Of course, I can’t say enough about the amazing scenery. And you know what the song says, “It Never Rains in Southern California…” And the weather failed to disappoint as we meandered through beach towns, gazed out over smooth and rocky beaches, observed the tropical flowers and plants of the coastal area, and devoured good food. To our right lay the mountains; to the left, the blue of the Pacific Ocean. As we headed north, the wind at the shoreline became chilly as were the nights, but purchasing warm hoodies in Cambria quickly took care of that issue.

trees1Mike’s role as chauffeur allowed me to accept the job of voyeur. Along the route, I began to notice the trees. As my husband steered farther north, the trees grew taller. Never have I seen such unusual shapes and shades of green. I, being the tree lover that I am, stood in awe of the variety, the differences and the beauty.

One can admire the uniqueness in people in the same fashion. As a creative trees4woman and writer, I love the variations on our exteriors. Yes, we are all the same in our basic feelings, wants and needs, but it’s the differences that appeal to me. The distinctions, whether it be facial features, body shapes and sizes, the wearing of old, mismatched clothes or haute couture, melodious or gruff voices, colloquial accents or even mannerisms. It’s what makes life colorful.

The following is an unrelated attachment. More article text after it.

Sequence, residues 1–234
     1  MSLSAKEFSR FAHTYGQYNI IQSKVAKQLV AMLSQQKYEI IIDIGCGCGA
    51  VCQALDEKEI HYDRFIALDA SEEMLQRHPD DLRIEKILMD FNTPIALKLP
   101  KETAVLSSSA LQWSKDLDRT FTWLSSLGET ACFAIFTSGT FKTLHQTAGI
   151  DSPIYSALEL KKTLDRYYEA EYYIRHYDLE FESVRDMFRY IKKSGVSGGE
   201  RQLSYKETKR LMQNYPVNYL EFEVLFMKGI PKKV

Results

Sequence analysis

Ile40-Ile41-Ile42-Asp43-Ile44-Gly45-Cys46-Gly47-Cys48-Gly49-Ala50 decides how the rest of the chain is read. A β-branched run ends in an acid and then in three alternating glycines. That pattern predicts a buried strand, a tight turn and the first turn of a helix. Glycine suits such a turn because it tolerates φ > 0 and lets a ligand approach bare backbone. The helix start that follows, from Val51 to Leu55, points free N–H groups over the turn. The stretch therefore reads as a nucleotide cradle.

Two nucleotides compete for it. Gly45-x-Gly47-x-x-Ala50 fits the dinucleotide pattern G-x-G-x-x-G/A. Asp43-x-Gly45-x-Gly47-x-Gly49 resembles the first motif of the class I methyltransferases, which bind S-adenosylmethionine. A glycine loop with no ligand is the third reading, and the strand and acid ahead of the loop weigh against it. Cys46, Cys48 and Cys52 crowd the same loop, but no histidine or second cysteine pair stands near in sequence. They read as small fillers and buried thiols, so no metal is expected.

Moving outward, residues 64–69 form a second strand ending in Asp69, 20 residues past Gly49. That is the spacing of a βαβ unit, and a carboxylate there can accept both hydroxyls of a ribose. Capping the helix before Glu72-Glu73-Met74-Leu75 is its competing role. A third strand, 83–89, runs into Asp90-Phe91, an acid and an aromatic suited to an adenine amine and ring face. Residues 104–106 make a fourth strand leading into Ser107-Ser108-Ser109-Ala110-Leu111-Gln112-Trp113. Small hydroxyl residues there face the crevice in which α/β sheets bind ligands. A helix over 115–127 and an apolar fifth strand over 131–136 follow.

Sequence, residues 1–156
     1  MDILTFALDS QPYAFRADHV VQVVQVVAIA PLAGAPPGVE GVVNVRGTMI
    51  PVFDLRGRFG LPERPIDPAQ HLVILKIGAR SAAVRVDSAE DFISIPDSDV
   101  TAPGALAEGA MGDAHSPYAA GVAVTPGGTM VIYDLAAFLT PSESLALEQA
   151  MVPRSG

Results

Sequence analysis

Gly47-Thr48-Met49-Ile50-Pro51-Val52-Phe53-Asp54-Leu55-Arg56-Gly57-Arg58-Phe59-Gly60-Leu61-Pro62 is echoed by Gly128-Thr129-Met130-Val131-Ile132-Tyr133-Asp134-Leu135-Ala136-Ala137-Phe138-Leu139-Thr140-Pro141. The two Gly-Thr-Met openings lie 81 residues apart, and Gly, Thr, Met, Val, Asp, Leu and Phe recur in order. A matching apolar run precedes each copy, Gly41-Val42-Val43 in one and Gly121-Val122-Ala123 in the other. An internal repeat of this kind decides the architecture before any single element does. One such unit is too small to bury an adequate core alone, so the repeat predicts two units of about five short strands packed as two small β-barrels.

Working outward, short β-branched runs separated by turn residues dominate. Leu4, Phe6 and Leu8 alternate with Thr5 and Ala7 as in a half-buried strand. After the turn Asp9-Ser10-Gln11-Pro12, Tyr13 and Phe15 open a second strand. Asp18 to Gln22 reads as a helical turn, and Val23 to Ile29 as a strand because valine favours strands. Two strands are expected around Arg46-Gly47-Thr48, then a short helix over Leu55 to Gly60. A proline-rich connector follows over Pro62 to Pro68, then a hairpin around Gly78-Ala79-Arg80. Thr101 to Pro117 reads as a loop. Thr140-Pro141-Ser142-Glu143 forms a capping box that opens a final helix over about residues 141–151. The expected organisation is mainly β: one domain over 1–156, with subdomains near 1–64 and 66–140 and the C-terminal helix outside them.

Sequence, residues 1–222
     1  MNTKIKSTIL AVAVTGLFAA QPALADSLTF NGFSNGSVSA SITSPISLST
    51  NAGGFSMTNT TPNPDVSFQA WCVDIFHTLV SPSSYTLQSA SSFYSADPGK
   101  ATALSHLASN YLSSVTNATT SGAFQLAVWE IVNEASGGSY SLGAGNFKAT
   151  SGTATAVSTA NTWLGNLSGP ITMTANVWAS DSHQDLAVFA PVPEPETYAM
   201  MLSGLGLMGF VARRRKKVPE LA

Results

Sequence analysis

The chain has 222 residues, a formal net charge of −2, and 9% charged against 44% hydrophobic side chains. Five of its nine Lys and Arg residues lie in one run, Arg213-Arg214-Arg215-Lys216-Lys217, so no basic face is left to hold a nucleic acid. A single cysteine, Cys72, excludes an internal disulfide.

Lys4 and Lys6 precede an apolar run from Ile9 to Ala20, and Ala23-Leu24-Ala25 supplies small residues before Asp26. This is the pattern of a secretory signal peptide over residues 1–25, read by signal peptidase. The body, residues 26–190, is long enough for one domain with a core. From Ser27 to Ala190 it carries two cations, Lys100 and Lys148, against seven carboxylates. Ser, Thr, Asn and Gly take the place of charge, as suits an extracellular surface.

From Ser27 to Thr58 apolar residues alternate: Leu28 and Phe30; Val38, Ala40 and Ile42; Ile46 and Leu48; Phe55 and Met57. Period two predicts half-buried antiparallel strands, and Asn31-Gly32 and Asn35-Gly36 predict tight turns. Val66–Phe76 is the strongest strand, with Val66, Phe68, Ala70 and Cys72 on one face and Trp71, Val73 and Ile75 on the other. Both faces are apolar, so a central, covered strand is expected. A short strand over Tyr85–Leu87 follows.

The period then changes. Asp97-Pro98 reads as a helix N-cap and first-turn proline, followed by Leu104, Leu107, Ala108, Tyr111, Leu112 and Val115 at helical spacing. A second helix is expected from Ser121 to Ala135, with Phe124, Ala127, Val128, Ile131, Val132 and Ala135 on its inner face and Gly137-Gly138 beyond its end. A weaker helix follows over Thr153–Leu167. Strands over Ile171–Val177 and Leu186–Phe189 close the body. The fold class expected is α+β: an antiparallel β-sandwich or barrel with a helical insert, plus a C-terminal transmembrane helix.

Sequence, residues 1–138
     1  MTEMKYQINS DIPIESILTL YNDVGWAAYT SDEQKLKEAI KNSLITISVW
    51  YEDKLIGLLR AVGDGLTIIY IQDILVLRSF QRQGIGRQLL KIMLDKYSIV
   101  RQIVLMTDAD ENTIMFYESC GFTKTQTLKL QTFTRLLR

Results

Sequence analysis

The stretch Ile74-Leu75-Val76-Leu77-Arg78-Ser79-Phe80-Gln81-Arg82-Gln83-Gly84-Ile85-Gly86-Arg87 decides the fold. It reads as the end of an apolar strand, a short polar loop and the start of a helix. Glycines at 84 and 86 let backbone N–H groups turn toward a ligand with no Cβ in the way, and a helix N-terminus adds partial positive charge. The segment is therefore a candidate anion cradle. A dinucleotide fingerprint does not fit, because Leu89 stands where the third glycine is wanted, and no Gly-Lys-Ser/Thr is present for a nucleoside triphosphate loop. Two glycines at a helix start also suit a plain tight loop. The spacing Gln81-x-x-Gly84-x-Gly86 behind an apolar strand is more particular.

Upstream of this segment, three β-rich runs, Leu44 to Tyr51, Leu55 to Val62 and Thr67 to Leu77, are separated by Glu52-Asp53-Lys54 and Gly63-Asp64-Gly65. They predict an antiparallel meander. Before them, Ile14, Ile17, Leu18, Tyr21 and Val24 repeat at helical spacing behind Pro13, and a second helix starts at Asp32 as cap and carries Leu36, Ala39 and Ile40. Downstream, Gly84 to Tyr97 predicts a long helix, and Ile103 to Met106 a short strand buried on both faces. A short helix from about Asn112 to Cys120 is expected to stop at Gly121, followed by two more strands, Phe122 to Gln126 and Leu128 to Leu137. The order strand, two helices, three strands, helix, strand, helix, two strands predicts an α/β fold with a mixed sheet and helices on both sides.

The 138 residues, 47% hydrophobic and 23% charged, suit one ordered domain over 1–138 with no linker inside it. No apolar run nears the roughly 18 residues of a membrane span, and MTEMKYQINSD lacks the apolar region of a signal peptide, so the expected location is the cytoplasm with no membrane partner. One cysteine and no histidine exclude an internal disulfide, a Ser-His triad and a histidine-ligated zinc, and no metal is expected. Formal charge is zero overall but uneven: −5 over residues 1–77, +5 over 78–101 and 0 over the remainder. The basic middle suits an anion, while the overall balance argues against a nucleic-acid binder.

In my opinion, same is boring; diversity is interesting—whether it’s the weary eyes of a weathered old man pan handling near the bus stop in San Francisco, the toothless smile of a skinny red-headed child in a restaurant in Santa Barbara, or the contemplative expression pasted on the lovely face of the African American woman who sat across from me on the airport shuttle bus. Just like the trees, the people intrigued me. I took plenty of pictures of the landscape but because I didn’t want to get sued, I had to be satisfied with engraving people’s images in my mind and making notes on the notebook I kept in my purse.